By Maxine Kumin
For fifty years on our craggy hillside farm in central New Hampshire ornamented with Stonehenge-style boulders we raised horses and took in shelter dogs. Now all the animals are gone but the vegetable garden we maintain on one of our only bits of flat land persists. Four summers ago, working aged compost and ancient manure into our raised beds, we uncovered among the clumps of earthworms and tattered bits of eggshell two unknown sprouts about eight inches high. They didn’t resemble any of our common invaders. Curious, we dug down to expose the roots. There they were: two peach pits cracked open by Nature and straining for the light of the New World.
Anything that had lain fallow underground for over a year deserved some support. We potted them, brought them down to the house and gave them pride of place on the southeast-facing brick terrace where red peppers thrive year after year in old muck baskets. When the fall frosts came, we took our cosseted trees in at night. Winter days when the glassed-in porch temperature rose above 40 degrees they reposed on a bench in the sun. They prospered with all this attention. By spring they were begging to leave their pots.
We planted them ceremoniously on either side of the garden, both in full sun, at least until mid-afternoon shade from the adjoining forest overtook them. Although they appeared to thrive in their new location, it gradually became apparent that the one closest to the pond overflow was no longer looking thrifty. The soil proved too wet for the little one; in July it drooped, lost its leaves in August and succumbed before Labor Day.
At this point I thought it might be useful to consult authorities on the Internet. Had other people had this experience? Or, if they had a spare pit or two, how should they proceed? The amount and variety of information available was staggering. Eat the fruit. Save the center pit. Scrub pit gently with warm water and soft brush to remove any flesh still clinging to it. Dry pit for about 10 days. (It takes longer for larger pits to dry.) Chill pit at a temperature between 35 and 40 degrees. Refrigerators are ideal for this purpose because they consistently control the temperature within this range. An ordinary sandwich bag may be used for this purpose after you punch a few holes in it. Chill peach pit for 90 to 105 days.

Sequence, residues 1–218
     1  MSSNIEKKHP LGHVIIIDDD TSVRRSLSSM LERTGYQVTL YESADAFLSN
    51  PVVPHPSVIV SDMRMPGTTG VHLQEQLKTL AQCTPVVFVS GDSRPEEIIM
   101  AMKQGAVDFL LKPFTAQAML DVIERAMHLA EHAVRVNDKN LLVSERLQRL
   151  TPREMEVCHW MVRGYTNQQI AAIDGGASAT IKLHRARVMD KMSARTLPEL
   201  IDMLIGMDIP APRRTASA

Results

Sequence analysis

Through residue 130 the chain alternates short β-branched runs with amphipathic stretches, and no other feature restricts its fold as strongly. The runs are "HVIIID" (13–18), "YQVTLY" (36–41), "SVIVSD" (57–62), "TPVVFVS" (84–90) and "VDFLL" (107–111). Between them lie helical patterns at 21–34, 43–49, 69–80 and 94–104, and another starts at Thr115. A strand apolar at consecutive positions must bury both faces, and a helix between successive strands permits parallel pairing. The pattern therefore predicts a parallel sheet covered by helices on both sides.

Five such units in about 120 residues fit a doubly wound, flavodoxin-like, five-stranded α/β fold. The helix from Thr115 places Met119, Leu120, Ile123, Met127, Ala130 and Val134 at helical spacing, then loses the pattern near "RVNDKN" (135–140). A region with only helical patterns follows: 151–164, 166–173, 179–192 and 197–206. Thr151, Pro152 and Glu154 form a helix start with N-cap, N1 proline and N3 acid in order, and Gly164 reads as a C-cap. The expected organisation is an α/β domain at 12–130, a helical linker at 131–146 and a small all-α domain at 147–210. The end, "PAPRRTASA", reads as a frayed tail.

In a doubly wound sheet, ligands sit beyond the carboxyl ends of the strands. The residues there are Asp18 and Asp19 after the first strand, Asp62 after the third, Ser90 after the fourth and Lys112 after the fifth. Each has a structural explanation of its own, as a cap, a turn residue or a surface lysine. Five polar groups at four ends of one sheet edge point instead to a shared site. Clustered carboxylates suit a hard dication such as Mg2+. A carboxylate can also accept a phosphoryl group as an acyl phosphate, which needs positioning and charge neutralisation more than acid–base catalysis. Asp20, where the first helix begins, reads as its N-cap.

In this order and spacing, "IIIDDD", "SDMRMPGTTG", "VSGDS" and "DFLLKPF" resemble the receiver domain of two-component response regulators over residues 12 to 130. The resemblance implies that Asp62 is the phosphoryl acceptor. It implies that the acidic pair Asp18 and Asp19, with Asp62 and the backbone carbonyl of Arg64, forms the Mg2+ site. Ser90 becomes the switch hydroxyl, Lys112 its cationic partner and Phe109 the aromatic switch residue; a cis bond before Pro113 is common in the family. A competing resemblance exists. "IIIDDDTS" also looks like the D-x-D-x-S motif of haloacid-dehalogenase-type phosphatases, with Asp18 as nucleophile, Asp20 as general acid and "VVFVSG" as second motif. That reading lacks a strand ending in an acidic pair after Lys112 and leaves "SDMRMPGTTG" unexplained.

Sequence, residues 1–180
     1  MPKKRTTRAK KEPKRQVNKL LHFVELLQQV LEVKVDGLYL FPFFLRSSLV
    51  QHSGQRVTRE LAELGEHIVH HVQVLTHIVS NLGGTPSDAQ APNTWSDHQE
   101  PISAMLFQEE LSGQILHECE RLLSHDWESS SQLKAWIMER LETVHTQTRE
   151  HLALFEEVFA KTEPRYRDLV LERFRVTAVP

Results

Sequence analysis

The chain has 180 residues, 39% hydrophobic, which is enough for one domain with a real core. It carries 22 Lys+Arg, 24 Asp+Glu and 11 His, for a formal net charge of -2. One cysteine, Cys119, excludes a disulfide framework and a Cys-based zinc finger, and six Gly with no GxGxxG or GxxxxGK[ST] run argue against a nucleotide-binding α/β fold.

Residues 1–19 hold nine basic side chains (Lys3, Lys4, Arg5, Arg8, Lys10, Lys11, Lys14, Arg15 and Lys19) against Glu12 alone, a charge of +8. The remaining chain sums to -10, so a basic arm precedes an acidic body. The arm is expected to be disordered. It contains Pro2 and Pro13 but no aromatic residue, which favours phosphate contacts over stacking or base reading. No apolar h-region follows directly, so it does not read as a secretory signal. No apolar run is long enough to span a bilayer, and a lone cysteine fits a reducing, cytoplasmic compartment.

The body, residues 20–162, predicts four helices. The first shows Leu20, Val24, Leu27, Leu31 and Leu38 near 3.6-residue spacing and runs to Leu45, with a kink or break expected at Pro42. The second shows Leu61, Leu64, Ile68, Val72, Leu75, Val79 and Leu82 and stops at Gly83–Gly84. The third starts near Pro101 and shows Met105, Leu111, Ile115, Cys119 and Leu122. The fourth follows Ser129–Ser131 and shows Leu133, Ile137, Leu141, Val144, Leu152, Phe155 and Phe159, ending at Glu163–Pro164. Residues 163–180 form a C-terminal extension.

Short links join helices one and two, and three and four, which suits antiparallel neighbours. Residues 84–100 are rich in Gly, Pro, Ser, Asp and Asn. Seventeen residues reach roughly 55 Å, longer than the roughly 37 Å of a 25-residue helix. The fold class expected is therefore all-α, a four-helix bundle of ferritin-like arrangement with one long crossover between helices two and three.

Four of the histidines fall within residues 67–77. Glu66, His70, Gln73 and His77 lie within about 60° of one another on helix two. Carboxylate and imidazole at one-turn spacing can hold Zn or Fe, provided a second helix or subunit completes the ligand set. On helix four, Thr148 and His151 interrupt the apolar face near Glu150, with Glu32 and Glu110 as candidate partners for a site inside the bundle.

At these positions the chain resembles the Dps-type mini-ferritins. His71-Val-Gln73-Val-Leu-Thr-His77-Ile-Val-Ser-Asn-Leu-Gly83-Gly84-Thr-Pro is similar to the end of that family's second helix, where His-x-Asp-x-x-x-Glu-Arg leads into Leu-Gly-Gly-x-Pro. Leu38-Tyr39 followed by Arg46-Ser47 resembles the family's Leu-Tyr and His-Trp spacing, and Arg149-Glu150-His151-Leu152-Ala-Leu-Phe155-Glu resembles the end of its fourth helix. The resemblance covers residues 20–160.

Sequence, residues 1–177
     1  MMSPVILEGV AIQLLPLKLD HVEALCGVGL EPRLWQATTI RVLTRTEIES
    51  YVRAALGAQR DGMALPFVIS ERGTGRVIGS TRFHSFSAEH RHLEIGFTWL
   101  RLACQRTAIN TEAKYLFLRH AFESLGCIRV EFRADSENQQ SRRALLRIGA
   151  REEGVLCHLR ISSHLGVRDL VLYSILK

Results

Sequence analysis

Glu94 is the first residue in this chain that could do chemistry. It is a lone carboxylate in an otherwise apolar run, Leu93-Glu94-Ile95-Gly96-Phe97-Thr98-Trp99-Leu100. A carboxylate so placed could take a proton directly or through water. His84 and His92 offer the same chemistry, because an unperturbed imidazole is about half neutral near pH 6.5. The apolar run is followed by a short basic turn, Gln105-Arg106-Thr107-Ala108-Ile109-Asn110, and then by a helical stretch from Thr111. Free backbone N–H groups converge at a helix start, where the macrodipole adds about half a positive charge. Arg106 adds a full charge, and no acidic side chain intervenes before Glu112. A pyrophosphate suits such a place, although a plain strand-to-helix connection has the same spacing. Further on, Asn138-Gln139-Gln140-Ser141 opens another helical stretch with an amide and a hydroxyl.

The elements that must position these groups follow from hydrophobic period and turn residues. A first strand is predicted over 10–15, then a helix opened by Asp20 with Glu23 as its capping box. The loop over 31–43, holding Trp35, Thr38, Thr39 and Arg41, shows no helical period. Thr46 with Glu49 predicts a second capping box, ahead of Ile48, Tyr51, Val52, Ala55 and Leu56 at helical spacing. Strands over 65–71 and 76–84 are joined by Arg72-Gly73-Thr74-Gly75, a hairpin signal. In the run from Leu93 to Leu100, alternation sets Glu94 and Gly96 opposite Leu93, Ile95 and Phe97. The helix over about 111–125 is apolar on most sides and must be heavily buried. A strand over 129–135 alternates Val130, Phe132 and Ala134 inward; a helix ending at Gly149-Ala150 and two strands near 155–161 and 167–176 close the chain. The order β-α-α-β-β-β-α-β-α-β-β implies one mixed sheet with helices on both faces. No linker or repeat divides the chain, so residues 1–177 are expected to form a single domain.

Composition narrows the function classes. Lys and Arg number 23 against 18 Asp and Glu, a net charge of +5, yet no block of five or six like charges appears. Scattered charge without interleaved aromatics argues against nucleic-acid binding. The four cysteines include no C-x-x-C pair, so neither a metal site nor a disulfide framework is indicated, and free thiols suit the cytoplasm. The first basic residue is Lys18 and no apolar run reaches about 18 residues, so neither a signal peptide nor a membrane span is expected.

How lucky we were that Nature had taken care of all these preliminaries. Directions followed about potting the sprouted pit, growing it indoors, setting it out in the earth when it was eight to 12 inches high. Then: Beginning in the second year, fertilize your peach tree in the early spring before leaf and bloom set and fertilize again in the fall after the leaves have fallen off the tree. Bloom set? In its second year all we had was a little skinny sapling standing alone with its sparse leaves shining in the sun. It was unfertilized but looked healthy. There was no sign of blossom. Did this mean our tree was sterile? Never mind; we cherished it for having survived this far.
When your fruit tree is about two years old it will need to be supported with stakes until its center trunk is strong enough to withstand the wind and the rain in your area. That hadn’t occurred to us. Nevertheless, the “center trunk,” spindly and smooth, stood straight and true. On April 20th of its fourth year, the tree burst into bloom. The word “burst” is no exaggeration; overnight, blossoms appeared. They looked fragile but withstood an afternoon thunderstorm and accompanying wind. Our peach tree had reached adolescence. Not a moment too soon, we staked it. Three odd little swellings, ovoid, green, somewhat fuzzy-looking, formed. Peaches-to-be!
They triggered memories of biting into rich, ripe New Jersey peaches, South Carolina peaches, the peaches of yesteryear sliced over cereal, into yogurt, over ice cream, or best of all, eaten in hand, juices cascading down chins and shirt fronts. But we are warned to be realistic. It is likely the peaches that come from this pit will not greatly resemble the original fruit. This is because most fruit trees have a different type of rootstock grafted onto them and the seed will revert to the original stock.
Never mind. We hereby promise to hold dear whatever peach comes forth from our three babes on the branch.
From New Hampshire Magazine May 2013